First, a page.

London Reflections 2015

London Reflections #1
Coming back to explore  previously unexplored territory. Thinking of the UK as a second home though I've never actually lived in London. But while the people and roads are unfamiliar. The systems, the signs, the accents, the vegetation, the air are all familiar, familiar enough not to give me a jarring sensation, the sensation that tells you're abroad in  brand, new exciting destination. Not to say I wasn't thrilled to be seeing a part of London I haven't seen before, not to say I don't enjoy, but it lacks the thrill and fear of a totally unknown destination. I guess I know what to expect and it is very comforting.

London Reflections #2
Walking my luggage as the residents walk their dogs along the scenic Thames path.

London Reflections #3
a moment of silence for the 7/7 victims. a complete silence as all stopped in their steps and lowered their heads. no clattering of utensils or shuffling of feet. till the intercom sparkled to life, bringing an end to the moment.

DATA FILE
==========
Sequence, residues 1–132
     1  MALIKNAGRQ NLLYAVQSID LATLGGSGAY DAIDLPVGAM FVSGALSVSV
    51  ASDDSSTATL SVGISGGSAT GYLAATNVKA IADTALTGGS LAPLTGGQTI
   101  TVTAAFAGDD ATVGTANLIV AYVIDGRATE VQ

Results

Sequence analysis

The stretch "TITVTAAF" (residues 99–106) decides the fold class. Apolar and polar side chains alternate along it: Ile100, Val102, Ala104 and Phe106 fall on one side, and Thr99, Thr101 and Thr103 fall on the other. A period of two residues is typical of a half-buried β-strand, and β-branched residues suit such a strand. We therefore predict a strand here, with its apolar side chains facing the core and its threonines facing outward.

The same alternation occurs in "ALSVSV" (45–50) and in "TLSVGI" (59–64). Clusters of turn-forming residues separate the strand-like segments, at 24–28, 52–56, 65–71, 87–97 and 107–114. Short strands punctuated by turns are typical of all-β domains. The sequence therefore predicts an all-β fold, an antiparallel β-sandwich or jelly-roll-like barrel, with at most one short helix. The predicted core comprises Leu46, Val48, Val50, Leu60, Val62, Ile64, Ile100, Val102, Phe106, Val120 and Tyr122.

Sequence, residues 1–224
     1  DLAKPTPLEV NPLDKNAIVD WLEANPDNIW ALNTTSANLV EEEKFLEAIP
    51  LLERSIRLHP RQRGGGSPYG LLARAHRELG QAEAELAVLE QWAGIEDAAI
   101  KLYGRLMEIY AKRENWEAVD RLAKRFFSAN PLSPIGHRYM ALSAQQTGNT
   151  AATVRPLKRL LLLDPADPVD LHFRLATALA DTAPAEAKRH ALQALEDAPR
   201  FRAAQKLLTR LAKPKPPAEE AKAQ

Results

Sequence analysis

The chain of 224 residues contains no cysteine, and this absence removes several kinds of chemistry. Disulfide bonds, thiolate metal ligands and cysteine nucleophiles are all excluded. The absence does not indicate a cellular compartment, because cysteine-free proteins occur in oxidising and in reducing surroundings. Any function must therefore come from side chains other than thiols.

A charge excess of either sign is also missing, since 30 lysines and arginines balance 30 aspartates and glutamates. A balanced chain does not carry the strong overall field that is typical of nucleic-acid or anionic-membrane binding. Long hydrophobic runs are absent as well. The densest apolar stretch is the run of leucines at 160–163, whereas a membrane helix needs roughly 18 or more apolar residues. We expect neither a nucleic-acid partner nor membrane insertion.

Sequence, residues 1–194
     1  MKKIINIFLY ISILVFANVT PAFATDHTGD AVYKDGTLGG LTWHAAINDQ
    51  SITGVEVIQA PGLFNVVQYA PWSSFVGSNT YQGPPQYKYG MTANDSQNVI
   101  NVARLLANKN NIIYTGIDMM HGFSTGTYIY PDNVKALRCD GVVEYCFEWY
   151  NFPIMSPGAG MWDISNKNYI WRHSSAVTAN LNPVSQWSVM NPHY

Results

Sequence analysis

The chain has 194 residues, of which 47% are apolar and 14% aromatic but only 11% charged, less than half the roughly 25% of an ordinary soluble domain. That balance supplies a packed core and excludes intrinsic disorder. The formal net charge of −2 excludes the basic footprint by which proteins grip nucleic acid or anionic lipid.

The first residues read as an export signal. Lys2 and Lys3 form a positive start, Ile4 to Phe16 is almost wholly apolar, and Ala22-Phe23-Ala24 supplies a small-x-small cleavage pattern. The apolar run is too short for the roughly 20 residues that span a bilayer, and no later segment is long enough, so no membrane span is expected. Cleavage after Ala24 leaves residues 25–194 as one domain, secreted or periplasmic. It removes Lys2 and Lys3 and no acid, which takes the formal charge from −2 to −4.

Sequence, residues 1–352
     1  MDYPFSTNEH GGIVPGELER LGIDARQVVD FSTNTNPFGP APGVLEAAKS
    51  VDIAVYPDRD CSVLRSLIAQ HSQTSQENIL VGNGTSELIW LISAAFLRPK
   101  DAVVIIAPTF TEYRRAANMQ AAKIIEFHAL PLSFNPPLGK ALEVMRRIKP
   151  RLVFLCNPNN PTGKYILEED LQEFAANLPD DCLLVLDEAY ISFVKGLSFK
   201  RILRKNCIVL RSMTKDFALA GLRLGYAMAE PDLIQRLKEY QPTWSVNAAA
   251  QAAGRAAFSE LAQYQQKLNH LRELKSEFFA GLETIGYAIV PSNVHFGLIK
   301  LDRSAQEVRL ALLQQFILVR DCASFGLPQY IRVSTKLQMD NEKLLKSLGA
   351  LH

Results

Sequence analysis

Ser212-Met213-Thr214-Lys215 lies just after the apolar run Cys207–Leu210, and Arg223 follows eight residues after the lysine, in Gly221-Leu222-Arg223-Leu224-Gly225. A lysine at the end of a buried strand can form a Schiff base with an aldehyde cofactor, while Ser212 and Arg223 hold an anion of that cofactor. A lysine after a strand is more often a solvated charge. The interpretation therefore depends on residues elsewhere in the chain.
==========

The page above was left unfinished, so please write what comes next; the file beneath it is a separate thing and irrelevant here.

London Reflections #4
Kew Gardens is really pricey for a garden without much flowers.

London Reflections #5
An oak tree. Completely bizarre. An actor who doesnt know the script. A hypnotist who lost his skill. A father who lost his daughter. An audience is in the clouds as the two men switched between scripts. A free conversation.. that is totally scripted. The loss of girl who is not dead. The concept, the idea of a person. The concept, the idea of  play. An accident, the actor takes on the attributes of the playwright.

would love to spend more time figuring the play really.
but moving on for now..

Wednesday, April 08, 2015

Balancing Local Sentiments and Economic Benefits

Read this article this morning, and felt that it really reinforced this belief I have, that sometimes governments need to be firm on their long-term goals because the people tend to be blinded by short-term effects without realising the long-term benefits. This came also in the wake of the various critical articles about LKY after his passing away earlier...

Hong Kong is now suffering a decline in tourism numbers of 34% y-o-y, influenced by the various anti-Chinese campaigns over the past year or so. The most recent public holiday in China, which usually brings an influx of visitors to Hong Kong, did little to alleviate the decline.